"The Breakfast Club": era-defining excellence, or utter crap. Discuss.
Yes, the ultimate Brat Pack flick, which writer-director Hughes apparently took less than a week to write, has inspired praise and venom in equal measure - whether it's those who consider it self-important, whining tripe or the loyal multitudes of fans who think it sums up youth and has cooler characters than any other movie in history.
Strange then, that it stirs such extreme responses considering the slightness of the story, which is this: five pupils, Bender the dude (Nelson), Andrew the jock (Estevez), Claire the prom queen (Ringwald), Allison the weirdo (Sheedy), and Brian the geek (Hall), all find themselves with a day-long Saturday detention.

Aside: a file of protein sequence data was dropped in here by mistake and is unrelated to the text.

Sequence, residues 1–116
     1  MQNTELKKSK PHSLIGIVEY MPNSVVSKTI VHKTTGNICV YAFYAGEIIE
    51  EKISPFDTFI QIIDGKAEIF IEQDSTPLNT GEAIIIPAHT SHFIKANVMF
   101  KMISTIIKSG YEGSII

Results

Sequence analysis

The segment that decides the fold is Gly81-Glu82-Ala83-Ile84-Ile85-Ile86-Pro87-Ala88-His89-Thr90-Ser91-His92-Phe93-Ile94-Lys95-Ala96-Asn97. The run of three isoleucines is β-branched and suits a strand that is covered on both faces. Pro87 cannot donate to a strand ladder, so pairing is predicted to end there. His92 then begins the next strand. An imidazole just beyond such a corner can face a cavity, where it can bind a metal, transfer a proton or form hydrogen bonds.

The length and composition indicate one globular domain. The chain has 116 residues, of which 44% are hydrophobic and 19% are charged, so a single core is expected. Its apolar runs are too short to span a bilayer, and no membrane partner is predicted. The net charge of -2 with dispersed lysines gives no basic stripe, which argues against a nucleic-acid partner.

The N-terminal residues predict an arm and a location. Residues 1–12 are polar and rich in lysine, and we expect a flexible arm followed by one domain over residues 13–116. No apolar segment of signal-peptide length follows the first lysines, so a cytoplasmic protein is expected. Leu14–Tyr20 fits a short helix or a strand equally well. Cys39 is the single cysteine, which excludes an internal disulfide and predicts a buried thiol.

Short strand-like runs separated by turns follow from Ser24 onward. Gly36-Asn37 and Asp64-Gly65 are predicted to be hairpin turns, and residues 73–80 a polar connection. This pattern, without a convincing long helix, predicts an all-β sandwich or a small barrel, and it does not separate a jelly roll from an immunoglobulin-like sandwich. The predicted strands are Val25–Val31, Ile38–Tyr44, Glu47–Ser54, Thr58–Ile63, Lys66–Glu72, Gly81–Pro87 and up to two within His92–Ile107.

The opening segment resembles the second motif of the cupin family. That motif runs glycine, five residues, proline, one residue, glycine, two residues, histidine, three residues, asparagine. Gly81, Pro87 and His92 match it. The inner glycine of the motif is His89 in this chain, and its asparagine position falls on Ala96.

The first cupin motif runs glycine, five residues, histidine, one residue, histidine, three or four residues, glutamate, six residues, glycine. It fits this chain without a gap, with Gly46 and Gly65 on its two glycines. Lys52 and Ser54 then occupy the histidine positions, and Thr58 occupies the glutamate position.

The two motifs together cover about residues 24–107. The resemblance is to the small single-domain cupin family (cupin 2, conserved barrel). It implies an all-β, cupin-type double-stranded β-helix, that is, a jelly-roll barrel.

Situated in the school's library and watched over by their anally-retentive teacher (Paul Gleason), they begin the day as strangers and soon find themselves united by a common affliction: youth.
Shot in sequence during 1984, "The Breakfast Club" became a benchmark for all that followed in the genre. And if the tone is sometimes sanctimonious, then the characterisation more than makes up for it. Every boy wanted to be like rebel John Bender (okay, unfortunate name); and in "The Breakfast Club", the blatant stereotypes merely add weight to the argument that adults lump kids into distinct and frequently damaging categories.
The performances by the young cast, culminating in an exuberant pot-smoking session, followed by a genuinely touching denouement, is classic stuff. And such lines as: "The chick can't hold her smoke!" and "You wouldn't know her, she lives in Canada," are still spouted today.
"The Breakfast Club" is on BBC2 at 10.25pm on Saturday, 17 February 2001.